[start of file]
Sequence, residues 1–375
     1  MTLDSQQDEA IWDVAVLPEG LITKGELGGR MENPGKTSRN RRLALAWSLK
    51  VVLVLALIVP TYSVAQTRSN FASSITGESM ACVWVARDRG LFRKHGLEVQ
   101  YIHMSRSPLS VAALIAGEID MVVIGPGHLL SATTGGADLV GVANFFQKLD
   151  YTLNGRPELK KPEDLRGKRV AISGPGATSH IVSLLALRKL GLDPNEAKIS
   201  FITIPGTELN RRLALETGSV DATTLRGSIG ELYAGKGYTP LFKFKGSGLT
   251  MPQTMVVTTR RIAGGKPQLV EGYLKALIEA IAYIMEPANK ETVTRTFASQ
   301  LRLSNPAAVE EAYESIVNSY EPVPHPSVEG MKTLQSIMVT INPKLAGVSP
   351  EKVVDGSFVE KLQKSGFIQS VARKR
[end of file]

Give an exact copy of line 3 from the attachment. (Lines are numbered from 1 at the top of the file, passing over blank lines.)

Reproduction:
    51  VVLVLALIVP TYSVAQTRSN FASSITGESM ACVWVARDRG LFRKHGLEVQ